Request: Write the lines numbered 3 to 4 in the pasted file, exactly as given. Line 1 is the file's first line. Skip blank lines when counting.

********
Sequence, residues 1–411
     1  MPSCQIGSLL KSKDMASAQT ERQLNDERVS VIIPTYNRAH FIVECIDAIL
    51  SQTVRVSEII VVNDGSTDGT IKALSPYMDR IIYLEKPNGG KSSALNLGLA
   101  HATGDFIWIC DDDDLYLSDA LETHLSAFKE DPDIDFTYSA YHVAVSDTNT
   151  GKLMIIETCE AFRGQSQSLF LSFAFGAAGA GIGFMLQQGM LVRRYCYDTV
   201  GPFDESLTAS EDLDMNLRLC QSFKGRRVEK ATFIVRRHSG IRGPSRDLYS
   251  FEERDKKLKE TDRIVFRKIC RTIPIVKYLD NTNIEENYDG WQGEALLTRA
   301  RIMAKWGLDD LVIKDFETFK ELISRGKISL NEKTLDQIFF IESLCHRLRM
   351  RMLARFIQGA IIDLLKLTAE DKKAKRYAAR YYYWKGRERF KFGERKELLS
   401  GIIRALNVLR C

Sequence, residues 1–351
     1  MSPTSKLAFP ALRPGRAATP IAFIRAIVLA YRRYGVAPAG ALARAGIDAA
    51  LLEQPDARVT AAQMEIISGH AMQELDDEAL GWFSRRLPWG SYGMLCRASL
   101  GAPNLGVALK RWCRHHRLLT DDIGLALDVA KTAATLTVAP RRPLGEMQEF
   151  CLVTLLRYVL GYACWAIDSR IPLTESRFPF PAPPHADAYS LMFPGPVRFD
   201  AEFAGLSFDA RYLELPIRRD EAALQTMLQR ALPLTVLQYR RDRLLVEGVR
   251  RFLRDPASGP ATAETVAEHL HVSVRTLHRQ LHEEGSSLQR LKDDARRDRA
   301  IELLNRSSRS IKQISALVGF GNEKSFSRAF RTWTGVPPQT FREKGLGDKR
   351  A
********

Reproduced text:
    51  SQTVRVSEII VVNDGSTDGT IKALSPYMDR IIYLEKPNGG KSSALNLGLA
   101  HATGDFIWIC DDDDLYLSDA LETHLSAFKE DPDIDFTYSA YHVAVSDTNT